and thus assure readers that travel is a force for good, and not to be feared. The writing is strong and engaging,

without guest blog additions, and Uncornered Market is commercially viable through sponsorship, speaking engagements, training and affiliate sales and advertising. They have inspired other bloggers to grow and extend their travels, while maintaining an ethos of responsible tourism through thought-provoking pieces about people, culture and the living environment.

Judges’ comments Guided by their motto “driven by curiosity, guided by respect”, this blog is written by full-time travellers and storytellers. Their goal is to create a movement of respectful travellers and they reach more than 1.2 million people monthly through their travel and life adventure blog and social media platforms. They also deal with critical issues around volunteering, fear and awareness.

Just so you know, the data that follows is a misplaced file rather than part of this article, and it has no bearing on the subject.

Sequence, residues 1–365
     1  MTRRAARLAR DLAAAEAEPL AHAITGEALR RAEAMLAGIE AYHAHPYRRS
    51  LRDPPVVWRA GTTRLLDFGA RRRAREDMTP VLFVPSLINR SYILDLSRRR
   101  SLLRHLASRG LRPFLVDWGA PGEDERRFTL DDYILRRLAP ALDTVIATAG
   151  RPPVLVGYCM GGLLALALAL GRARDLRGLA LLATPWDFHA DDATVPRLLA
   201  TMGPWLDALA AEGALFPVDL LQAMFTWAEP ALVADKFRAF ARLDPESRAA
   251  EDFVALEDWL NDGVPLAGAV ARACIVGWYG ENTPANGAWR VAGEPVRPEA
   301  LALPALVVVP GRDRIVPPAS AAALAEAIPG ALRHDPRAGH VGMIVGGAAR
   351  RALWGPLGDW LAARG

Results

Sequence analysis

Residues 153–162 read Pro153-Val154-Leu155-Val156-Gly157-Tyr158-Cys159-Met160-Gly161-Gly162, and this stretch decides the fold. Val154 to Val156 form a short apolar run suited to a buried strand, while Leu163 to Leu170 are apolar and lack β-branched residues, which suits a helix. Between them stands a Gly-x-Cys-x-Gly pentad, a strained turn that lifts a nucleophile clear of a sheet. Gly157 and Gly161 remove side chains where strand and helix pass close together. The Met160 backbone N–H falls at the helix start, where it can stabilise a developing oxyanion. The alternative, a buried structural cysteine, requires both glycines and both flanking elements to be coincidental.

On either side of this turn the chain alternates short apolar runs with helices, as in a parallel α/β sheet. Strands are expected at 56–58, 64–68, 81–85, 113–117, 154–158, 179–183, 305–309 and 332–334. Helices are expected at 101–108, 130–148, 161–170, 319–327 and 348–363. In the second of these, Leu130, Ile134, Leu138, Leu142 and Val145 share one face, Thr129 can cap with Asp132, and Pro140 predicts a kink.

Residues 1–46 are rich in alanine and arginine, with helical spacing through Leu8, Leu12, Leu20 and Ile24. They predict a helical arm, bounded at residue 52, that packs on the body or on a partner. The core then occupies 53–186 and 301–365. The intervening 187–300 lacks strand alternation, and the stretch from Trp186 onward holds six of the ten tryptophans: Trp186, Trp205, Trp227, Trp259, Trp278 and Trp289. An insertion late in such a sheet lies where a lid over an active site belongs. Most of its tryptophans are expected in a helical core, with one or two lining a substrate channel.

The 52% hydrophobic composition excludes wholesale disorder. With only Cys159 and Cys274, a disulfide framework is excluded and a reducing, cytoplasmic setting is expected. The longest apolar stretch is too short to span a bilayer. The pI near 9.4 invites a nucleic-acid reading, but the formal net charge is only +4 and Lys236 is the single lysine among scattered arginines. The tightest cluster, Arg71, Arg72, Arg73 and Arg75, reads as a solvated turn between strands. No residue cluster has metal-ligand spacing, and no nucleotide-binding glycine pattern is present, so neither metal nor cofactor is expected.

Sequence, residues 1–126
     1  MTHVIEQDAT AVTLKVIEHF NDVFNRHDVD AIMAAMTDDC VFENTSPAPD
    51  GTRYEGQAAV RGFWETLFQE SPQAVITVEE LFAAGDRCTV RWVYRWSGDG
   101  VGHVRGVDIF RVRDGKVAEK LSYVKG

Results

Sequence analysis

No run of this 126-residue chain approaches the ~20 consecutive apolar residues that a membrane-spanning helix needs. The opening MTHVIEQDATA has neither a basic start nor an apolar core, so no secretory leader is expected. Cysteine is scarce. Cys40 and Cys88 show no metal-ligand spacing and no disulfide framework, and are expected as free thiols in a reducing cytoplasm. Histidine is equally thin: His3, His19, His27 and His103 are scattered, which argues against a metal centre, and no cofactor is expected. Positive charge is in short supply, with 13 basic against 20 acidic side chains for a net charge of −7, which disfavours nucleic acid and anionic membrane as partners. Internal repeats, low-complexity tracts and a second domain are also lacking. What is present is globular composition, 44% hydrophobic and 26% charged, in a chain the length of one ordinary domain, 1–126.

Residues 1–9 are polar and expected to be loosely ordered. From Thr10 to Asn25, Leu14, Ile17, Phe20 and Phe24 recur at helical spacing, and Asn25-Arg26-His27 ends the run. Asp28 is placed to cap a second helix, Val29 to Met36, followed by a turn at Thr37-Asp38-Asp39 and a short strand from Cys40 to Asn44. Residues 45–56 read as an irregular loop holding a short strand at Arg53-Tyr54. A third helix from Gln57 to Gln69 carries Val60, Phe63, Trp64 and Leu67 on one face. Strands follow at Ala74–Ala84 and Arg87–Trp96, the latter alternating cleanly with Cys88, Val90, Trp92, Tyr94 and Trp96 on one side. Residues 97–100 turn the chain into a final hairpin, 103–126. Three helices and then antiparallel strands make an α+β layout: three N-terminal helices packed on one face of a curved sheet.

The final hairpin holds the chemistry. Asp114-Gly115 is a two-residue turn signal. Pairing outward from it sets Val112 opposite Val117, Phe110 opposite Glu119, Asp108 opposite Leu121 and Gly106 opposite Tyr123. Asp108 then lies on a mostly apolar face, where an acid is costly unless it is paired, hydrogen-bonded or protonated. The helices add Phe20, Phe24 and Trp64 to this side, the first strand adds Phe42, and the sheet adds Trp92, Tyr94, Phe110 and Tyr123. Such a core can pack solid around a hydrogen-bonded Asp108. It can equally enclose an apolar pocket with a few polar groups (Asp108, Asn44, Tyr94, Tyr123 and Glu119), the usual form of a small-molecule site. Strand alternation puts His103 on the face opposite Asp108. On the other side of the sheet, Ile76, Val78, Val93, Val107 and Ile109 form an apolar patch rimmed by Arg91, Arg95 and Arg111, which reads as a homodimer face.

Best for Beach Tourism (joint winner): LooLa Adventure Resort

Supported by Visit Jersey Winner’s background Founded on Indonesian Bintan island, close to Singapore, by Dr Marc van Loo and Isabelle Lacoste (thus the Loo and La) in 2000, this eco-resort specialises in adventure and activity holidays aimed mainly at school groups and families.

What they do As well as boasting exemplary sustainable building, energy and waste disposal practices, this eco- resort puts the Bintan community at the core of what it does, with all 50 employees hailing from the island. Although the founders own 95%

of the business, 5% of the shares are donated to employees. LooLa’s innovative business model is based on the Dutch polder system, which allows staff to set up their own independent businesses within LooLa – a system that is challenging in a local commercial culture and very much based on the top-down approach. However, there are now thriving food, drink and other businesses at Loola, leading to a substantial rise in staff


income and strong customer service. Customer feedback is also extremely positive regarding this cooperative style of business.